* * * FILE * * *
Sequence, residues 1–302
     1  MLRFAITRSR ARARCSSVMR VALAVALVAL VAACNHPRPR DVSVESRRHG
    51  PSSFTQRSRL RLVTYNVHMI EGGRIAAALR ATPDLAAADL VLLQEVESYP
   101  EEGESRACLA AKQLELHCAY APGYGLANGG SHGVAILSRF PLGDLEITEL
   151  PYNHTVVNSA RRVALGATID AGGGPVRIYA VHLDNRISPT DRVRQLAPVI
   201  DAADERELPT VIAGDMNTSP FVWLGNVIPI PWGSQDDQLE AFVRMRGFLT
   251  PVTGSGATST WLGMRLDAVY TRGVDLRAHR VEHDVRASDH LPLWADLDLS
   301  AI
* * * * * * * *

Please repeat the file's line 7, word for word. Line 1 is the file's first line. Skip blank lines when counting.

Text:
   251  PVTGSGATST WLGMRLDAVY TRGVDLRAHR VEHDVRASDH LPLWADLDLS